when they break down (because the plants that were used to make them
absorbed the same amount of carbon dioxide to begin with). PLA, for
example, produces almost 70 percent less greenhouse gases when it
degrades in landfills.
Another good thing about bioplastics is that they're compostable: they decay
into natural materials that blend harmlessly with soil. Some bioplastics can
break down in a matter of weeks. The cornstarch molecules they contain
slowly absorb water and swell up, causing them to break apart into small
fragments that bacteria can digest more readily.

Biodegradable plastics

If you're in the habit of reading what supermarkets print on their plastic bags,
you may have noticed a lot of environmentally friendly statements appearing
over the last few years. Some stores now use what are described
as photodegradable, oxydegradable, or just biodegradable bags (in practice,
whatever they're called, it often means the same thing). As the name
suggests, these biodegradable plastics contain additives that cause them to
decay more rapidly in the presence of light and oxygen (moisture and heat
help too). Unlike bioplastics, biodegradable plastics are made of normal
(petrochemical) plastics and don't always break down into harmless
substances: sometimes they leave behind a toxic residue and that makes
them generally (but not always) unsuitable for composting.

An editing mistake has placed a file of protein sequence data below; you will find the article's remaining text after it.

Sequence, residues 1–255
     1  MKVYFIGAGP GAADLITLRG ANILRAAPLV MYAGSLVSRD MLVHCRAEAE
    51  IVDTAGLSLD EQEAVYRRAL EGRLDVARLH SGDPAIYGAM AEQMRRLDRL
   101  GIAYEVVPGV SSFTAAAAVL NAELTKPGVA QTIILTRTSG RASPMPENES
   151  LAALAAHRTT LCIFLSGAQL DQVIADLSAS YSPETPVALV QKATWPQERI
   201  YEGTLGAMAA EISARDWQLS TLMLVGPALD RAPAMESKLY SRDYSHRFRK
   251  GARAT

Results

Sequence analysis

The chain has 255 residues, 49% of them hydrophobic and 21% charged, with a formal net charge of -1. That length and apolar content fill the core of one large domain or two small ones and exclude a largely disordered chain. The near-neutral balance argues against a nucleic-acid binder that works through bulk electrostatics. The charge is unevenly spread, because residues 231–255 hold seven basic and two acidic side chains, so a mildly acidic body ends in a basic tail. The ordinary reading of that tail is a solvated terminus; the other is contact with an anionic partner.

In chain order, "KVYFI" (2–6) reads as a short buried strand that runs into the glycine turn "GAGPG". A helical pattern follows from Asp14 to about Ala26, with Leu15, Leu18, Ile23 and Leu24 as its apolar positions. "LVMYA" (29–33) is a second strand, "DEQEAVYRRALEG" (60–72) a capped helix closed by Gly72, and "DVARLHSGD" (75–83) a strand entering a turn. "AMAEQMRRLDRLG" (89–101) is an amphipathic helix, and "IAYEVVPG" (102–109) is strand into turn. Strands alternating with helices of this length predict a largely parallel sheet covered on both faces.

Photo: A typical message on a biodegradable bag. This one, made from Eco Film, is compostable too.

Recycled plastics

One neat solution to the problem of plastic disposal is to recycle old plastic
materials (like used milk bottles) into new ones (such as items of clothing). A
product called ecoplastic is sold as a replacement for wood for use in outdoor
garden furniture and fence posts. Made from high-molecular polyethylene, the
manufacturers boast that it's long-lasting, attractive, relatively cheap, and nice
to look at.

Photo: This "wooden" public bench looks much like any other until you look at the grain really closely. Then you
can see the wood is actually recycled plastic. The surface texture is convincing, but the giveaway is the ends of
the "planks," which don't look anything like the grain of wood.

But there are two problems with recycled plastics. First, plastic that's recycled
is generally not used to make the same items the next time around: old
recycled plastic bottles don't go to make new plastic bottles, but lower-grade
items such as plastic benches and fence posts. Second, you can't